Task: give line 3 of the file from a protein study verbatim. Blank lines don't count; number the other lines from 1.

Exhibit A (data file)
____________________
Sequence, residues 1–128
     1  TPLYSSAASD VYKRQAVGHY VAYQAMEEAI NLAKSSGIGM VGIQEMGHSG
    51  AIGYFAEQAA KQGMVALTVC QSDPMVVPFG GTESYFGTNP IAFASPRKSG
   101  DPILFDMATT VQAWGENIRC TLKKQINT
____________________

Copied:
    51  AIGYFAEQAA KQGMVALTVC QSDPMVVPFG GTESYFGTNP IAFASPRKSG